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Nearly Two-Thirds Say They’re Worse Off Than Two Years Ago: I&I/TIPP Poll

A result of Biden's economic policies?

Source: The White House Flickr Stream

On Tuesday, President Joe Biden will deliver his second State of the Union address, making the case that the economy has done well under his leadership. That will be a hard sell to most Americans because, as the latest I&I/TIPP Poll shows, a solid majority say they are worse off financially than they were two years ago.

The online I&I/TIPP Poll asked 1,358 Americans a simple question: “Are you better off today than you were two years ago, or not?” Possible responses were “Yes, better off,” “No, not better off,” and “Not sure.” The poll, which was taken from Feb. 1-3, has a margin of error of +/-2.8 percentage points.

By 61% to 33%, Americans overwhelmingly picked “No, not better off” over “Yes, better off.” Just 6% said they weren’t sure.

Not surprisingly, Republicans overwhelmingly say they are not better off (76% “not better off” vs. 21% “better off”). But so does a super majority of independents (71% to 20%). Even among Democrats, few are celebrating. The poll found that less than half (49%) said they are better off, while 45% say they are not better off.

Each month, the I&I/TIPP poll asks people to describe themselves as either conservative, moderate or liberal in their political views. Unlike party affiliation, the views are unexpectedly similar across the ideological belief spectrum: Self-described conservatives (64% worse off, 32% better off), moderates (60% vs. 31%) and liberals (57% vs. 36%) are not, in fact, far apart in their responses.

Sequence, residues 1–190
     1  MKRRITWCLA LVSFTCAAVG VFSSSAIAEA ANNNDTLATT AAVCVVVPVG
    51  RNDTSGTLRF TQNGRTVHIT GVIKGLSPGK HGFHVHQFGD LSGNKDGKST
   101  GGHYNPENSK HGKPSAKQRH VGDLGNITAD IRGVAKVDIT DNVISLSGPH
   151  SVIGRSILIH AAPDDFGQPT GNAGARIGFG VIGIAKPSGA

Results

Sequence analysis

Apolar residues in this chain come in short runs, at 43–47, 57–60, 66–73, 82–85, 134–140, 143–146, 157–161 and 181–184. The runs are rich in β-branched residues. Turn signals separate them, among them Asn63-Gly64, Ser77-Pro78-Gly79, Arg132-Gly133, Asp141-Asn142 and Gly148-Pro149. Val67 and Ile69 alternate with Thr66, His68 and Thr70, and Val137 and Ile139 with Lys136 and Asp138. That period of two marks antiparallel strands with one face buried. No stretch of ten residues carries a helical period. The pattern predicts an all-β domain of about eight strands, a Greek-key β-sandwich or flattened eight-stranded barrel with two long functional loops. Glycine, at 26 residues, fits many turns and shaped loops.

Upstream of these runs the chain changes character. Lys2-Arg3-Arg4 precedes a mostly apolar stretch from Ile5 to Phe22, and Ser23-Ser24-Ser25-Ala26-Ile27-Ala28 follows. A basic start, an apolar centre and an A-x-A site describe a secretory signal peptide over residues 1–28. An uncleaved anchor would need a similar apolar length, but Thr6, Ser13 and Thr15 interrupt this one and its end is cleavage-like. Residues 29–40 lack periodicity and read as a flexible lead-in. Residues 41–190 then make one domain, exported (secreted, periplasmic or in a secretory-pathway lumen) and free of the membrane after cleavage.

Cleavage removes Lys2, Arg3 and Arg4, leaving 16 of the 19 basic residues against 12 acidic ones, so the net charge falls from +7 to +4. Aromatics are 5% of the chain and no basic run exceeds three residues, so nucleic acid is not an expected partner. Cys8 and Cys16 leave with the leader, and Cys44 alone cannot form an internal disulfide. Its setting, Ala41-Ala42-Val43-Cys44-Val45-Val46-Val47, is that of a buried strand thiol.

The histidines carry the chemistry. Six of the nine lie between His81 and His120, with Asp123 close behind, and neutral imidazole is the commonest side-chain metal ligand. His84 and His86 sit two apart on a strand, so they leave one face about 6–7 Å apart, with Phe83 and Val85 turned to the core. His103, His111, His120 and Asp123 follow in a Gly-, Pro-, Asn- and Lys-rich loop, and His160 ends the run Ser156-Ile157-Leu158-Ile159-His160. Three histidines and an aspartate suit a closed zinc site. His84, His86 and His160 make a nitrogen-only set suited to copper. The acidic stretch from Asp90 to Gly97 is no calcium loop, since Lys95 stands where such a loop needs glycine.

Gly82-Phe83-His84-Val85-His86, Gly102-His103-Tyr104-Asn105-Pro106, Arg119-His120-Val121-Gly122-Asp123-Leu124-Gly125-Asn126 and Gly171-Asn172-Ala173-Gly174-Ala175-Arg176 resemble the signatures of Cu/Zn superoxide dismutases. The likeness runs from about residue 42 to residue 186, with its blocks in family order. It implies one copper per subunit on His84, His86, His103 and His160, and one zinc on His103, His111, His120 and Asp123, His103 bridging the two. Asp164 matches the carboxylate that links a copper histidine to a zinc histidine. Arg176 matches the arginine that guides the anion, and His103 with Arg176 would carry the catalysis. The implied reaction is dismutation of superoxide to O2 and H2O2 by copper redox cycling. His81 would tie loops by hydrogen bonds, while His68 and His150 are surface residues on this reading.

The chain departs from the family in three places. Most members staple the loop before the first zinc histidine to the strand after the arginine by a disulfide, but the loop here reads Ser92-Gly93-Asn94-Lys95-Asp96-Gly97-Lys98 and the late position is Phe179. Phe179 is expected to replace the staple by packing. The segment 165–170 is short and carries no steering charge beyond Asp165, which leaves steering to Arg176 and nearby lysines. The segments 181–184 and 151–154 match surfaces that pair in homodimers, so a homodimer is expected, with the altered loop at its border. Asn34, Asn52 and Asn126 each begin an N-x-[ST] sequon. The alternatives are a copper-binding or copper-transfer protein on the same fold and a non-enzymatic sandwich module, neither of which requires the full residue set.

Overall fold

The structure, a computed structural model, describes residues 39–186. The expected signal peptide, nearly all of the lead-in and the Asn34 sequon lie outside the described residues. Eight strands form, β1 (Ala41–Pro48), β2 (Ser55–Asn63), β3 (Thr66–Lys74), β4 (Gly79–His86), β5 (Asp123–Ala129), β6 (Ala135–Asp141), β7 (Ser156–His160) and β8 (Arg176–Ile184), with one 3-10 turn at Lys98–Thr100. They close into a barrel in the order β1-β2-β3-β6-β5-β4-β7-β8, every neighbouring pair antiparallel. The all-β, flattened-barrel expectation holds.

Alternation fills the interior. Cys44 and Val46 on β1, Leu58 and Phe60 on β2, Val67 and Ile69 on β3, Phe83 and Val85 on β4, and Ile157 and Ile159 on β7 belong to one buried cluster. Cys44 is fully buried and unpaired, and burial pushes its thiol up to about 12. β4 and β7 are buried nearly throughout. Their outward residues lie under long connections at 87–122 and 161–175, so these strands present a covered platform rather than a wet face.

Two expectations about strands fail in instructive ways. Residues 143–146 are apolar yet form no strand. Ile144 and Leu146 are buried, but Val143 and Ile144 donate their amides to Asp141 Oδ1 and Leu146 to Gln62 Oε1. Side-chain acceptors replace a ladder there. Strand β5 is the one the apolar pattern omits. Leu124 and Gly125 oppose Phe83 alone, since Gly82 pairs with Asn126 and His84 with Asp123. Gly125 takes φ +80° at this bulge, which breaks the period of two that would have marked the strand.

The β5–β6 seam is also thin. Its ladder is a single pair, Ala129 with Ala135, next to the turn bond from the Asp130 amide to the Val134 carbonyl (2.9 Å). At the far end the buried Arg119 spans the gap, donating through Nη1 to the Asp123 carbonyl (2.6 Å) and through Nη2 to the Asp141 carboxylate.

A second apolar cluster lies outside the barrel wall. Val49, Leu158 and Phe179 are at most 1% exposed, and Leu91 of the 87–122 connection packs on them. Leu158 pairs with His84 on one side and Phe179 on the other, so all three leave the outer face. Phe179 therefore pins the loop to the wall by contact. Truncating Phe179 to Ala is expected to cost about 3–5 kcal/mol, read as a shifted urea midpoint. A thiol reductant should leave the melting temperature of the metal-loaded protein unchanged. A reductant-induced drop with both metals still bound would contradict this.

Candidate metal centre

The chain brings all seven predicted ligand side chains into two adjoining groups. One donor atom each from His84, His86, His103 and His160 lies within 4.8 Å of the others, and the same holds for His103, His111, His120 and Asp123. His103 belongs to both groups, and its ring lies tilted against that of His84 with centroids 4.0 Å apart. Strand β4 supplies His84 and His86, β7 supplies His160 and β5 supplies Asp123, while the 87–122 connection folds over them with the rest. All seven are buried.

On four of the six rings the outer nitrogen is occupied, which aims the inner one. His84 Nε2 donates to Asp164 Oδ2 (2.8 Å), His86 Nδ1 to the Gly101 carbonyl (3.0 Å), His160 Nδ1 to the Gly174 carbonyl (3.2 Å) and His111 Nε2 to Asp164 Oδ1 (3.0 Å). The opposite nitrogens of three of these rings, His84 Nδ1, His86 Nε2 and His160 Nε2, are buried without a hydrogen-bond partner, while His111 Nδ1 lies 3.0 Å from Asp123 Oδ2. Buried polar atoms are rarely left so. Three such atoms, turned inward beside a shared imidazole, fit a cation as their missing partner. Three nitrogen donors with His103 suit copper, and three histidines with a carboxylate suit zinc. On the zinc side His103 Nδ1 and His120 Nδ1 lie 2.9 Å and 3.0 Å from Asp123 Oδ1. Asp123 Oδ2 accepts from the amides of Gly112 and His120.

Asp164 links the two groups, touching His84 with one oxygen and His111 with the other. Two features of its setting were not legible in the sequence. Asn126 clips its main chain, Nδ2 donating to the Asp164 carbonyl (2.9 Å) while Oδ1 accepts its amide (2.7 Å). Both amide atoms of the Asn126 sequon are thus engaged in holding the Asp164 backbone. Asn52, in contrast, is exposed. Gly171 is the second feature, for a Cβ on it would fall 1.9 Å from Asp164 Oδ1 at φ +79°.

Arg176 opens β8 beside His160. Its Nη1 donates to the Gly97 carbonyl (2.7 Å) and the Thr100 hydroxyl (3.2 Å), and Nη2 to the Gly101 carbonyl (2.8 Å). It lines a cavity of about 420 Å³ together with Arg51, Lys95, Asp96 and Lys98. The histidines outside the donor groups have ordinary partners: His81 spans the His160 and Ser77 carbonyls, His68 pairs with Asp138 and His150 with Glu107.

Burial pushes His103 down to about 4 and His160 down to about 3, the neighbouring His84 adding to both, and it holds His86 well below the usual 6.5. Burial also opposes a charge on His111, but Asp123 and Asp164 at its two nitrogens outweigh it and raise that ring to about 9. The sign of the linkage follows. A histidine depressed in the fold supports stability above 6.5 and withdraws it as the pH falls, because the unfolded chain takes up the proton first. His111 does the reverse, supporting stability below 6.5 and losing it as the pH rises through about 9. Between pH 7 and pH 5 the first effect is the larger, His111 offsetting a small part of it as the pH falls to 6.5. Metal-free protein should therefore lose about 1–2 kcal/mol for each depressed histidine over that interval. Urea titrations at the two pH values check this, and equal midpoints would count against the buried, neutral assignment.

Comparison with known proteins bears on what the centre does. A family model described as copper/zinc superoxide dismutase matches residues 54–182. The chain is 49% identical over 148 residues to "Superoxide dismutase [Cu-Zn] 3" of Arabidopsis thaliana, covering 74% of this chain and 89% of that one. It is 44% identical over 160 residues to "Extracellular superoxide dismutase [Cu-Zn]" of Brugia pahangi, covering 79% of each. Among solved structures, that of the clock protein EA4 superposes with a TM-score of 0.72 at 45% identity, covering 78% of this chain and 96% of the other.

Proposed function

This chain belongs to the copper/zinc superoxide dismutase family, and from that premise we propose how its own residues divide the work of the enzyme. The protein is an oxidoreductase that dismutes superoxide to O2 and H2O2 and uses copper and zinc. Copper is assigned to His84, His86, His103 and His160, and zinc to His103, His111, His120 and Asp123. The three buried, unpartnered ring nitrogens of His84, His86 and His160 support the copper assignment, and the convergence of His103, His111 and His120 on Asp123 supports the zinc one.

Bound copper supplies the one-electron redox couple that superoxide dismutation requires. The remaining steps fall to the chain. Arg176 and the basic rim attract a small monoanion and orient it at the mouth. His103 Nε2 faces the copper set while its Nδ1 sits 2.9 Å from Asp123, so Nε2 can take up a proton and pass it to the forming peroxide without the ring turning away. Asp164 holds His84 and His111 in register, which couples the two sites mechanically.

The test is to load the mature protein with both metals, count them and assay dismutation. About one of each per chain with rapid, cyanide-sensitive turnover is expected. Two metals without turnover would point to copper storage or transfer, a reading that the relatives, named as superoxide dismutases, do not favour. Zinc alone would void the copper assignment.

Other interesting results warrant mention. For instance, minorities mostly feel better about their financial position than white Americans.

African-American respondents, for instance, were nearly even in their responses, with 47% saying they are worse off compared with 42% who are better off. Not quite within the margin of error, but close.

Meanwhile, half of Hispanics (50%) who answered the I&I/TIPP survey said they were “better off,” compared to 42% who said they were “not better off.”

The greatest concentration of pessimism was found among the white demographic. Within that large group, 69% said they were “not better off” vs. 26% who said they were “better off.”

Men and women were another divide. While 41% of men said they were “better off,” just 25% of women did. Conversely, 53% of men reported being not better off, compared to 68% of women.

As shown in the chart below, there are stark differences by age and household income. As people get older, the proportion of them who are “not better off” increases, with the exception of the 25-44 age group. Similarly, as income increases, the share of those who are “better off” increases.

What do the responses to the question show? For one thing, as is often the case, there are big gaps among different groups. Even with a nearly 2-to-1 overall margin saying they aren’t better off, some demographic groups don’t agree.

Still, based on recent presidential history, Biden’s hopes of being reelected in 2024 might be in serious jeopardy.